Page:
by Julia Sommer
Laurie Garrett, Pulitzer Prize-winning science writer and author of "The Coming Plague," is the Journalism School's Goldman Foundation Teaching Fellow this semester.
"This is the most mind-expanding class I've taken at Berkeley," says one student in Garrett's science writing class. "She pushes us to the limit," says another. "Laurie's own experiences inform our discussions," says a third. "That she has been covering some of the most important science stories of the last two decades makes the class fascinating."
"The Coming Plague," detailing the alarming increase in infectious diseases worldwide, has sold over half a million copies, including translations in Portuguese, German, Japanese, Estonian and Lithuanian. Garrett also co-produced a related documentary, which aired in April on the Turner Broadcasting System and on networks in 26 countries.
Her interest in science and medicine-especially the little-noticed resurgence of infectious diseases-was heightened when she came to Berkeley in 1976 as a graduate student in immunology. (She later graduated with honors in biochemistry from UC Santa Cruz.)
Garrett's adviser, Professor Emeritus of Immunology Leon Wofsy, suggested she get her second passion-journalism-"out of her system" by doing it. So she took a leave to launch what would become a stellar career as a science writer-first as a freelancer, then as science correspondent for National Public Radio and, since 1988, as a Newsday medical writer. Last year she won the Pulitzer Prize for reporting on the Ebola virus in Zaire.
Now on leave from Newsday, Garrett is teaching science writing at the Journalism School and starting work on a book about the global collapse of public health care.
Her talk Nov. 12 will present gruesome findings from a trip she made to the former USSR and Eastern Europe earlier this year. She investigated the effects of pollution and Chernobyl, as well as the results of "privatization": an influx of cheap, addictive drugs, poverty and malnutrition, gangsterism and prostitution.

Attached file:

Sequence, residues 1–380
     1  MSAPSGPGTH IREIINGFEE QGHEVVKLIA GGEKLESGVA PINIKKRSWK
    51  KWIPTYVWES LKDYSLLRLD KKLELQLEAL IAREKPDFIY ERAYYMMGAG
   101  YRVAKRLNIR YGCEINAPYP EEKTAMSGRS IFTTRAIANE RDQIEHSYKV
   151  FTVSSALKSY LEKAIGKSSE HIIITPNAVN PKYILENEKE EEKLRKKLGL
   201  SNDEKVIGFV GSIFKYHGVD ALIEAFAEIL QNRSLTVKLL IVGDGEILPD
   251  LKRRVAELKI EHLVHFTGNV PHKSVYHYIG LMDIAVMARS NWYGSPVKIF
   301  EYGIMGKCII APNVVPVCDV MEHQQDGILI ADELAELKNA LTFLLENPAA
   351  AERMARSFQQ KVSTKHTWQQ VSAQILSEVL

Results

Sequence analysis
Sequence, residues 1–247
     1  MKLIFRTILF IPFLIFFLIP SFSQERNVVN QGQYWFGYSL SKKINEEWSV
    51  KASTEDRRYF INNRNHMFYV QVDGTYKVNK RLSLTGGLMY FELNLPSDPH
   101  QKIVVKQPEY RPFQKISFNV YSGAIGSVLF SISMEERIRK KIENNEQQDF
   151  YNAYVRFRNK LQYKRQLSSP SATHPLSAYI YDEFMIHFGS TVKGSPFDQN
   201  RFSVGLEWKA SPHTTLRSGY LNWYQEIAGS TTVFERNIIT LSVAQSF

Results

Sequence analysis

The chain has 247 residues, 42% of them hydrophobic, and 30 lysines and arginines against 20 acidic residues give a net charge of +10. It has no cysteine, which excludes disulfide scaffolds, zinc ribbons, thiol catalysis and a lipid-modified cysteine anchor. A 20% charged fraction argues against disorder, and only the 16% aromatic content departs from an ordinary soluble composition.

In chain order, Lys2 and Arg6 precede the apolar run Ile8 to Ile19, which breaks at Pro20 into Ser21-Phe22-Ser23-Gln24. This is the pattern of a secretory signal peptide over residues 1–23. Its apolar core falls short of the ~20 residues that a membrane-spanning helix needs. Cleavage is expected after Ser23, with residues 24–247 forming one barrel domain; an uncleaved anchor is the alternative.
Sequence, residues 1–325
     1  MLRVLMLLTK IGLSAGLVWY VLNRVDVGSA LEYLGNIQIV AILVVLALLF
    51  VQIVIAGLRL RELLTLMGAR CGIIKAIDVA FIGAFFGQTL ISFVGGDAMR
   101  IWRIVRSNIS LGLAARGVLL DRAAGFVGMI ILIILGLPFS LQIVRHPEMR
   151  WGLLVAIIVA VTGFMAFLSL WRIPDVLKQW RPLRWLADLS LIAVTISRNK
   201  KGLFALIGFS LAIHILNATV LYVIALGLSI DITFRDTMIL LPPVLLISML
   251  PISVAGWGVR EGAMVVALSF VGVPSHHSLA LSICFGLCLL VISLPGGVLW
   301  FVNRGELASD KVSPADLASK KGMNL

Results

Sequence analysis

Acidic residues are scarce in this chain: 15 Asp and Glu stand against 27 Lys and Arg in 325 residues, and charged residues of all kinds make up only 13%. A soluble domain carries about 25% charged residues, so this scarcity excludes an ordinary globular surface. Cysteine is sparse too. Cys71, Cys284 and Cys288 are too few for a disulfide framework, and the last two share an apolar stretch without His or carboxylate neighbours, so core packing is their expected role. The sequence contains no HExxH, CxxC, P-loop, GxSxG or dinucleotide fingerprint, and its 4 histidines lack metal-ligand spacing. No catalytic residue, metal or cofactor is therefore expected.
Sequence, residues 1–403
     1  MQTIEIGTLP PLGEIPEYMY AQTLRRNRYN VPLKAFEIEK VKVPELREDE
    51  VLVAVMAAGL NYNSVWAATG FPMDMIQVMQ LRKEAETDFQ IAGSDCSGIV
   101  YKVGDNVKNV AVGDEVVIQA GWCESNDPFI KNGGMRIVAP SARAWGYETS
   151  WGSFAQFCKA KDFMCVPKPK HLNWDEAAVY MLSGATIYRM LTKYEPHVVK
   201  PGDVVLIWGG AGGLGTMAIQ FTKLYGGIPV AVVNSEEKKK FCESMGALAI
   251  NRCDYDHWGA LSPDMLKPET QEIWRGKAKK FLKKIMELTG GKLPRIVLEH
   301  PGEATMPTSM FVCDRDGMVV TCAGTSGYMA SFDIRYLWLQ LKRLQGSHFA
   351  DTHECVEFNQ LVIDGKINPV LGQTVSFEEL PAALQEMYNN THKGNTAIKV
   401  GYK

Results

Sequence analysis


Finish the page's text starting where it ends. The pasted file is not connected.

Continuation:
What she found was ill health on an unprecedented scale, including declining life expectancy, increasing infant mortality, re-emergence of "old" diseases like typhoid and diphtheria, and new epidemics of HIV, hepatitis A, B, C, D and E, and drug-resistant bacterial infections. Among the horrifying scenes: teenagers injecting addicting poppy straw derivative with huge, painful syringes and poverty-stricken citizens of Ulan Ude living in holes in the ground.
Garrett sees the public health situation worldwide as "pretty grim." Even though the White House has recognized emerging diseases as a threat to national security, no money is being budgeted to combat the problem, she says.
"There has been no serious Congressional examination of the problem, even though the State Department, CIA, Commerce Department and USDA are all aware of it," she says.
The World Health Organization has been restructured to respond more rapidly to emerging diseases, but without adequate funding, Garrett says. Just as trade has become global, so has disease.
Garrett will speak to the campus community about her work on three occasions.